The mishna Keilim 13:6 discusses the susceptibility to tumah of objects partially of wood and partially of metal.
עֵץ הַמְשַׁמֵּשׁ אֶת הַמַּתֶּכֶת, טָמֵא. וְהַמַּתֶּכֶת הַמְשַׁמֵּשׁ אֶת הָעֵץ, טְהוֹרָה. כֵּיצַד, פּוֹתַחַת שֶׁל עֵץ וְהַפִּין שֶׁלָּהּ שֶׁל מַתֶּכֶת, אֲפִלּוּ אַחַת, טְמֵאָה. פּוֹתַחַת שֶׁל מַתֶּכֶת וְהַפִּין שֶׁלָּהּ שֶׁל עֵץ, טְהוֹרָה. טַבַּעַת שֶׁל מַתֶּכֶת וְחוֹתָם שֶׁלָּהּ שֶׁל אַלְמוֹג, טְמֵאָה. טַבַּעַת שֶׁל אַלְמוֹג וְחוֹתָם שֶׁלָּהּ שֶׁל מַתֶּכֶת, טְהוֹרָה. הַשֵּׁן שֶׁבַּטַּס, שֶׁבַּפּוֹתַחַת, וְשֶׁבַּמַּפְתֵּחַ, טְמֵאָה בִּפְנֵי עַצְמָהּ:
Wood that serves a metal vessel is susceptible to impurity, but metal that serves a wooden vessel is clean. How so? If a lock is of wood and its clutches are of metal, even if only one of them is so, it is susceptible to impurity, but if the lock is of metal and its clutches are of wood, it is clean. If a ring was of metal and its seal of coral, it is susceptible to impurity, but if the ring was of coral and its seal of metal, it is clean. The tooth in the plate of a lock or in a key is susceptible to impurity by itself.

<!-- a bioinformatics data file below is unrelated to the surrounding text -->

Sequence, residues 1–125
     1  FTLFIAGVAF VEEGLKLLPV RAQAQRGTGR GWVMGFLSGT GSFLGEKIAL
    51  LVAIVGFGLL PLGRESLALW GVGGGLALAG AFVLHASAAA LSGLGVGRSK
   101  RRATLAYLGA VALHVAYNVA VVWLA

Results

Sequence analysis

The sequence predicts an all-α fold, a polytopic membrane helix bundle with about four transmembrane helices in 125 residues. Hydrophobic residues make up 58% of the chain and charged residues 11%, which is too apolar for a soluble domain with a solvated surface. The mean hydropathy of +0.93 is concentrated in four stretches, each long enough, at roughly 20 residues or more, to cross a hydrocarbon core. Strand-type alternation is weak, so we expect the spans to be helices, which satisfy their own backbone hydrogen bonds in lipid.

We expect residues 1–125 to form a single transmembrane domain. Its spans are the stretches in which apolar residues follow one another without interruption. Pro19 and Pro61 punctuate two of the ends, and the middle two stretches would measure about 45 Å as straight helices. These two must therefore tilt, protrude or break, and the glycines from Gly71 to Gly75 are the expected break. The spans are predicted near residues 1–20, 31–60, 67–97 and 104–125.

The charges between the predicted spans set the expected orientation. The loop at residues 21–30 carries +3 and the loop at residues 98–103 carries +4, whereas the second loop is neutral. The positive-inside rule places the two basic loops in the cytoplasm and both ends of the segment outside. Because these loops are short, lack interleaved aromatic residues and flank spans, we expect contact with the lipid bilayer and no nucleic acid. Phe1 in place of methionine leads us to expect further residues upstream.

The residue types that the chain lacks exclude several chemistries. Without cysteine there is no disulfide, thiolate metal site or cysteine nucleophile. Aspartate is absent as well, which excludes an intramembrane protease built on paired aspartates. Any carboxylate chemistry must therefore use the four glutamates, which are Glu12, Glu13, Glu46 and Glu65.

In the middle of the explanation, we see that coral (אלמוג) is treated as a type of wood. Is this a mistranslation? If coral is indeed treated as wood for tumah purposes, what else gets treated as wood that we would not normally think of as wood? That is, how broad is the class "wood"?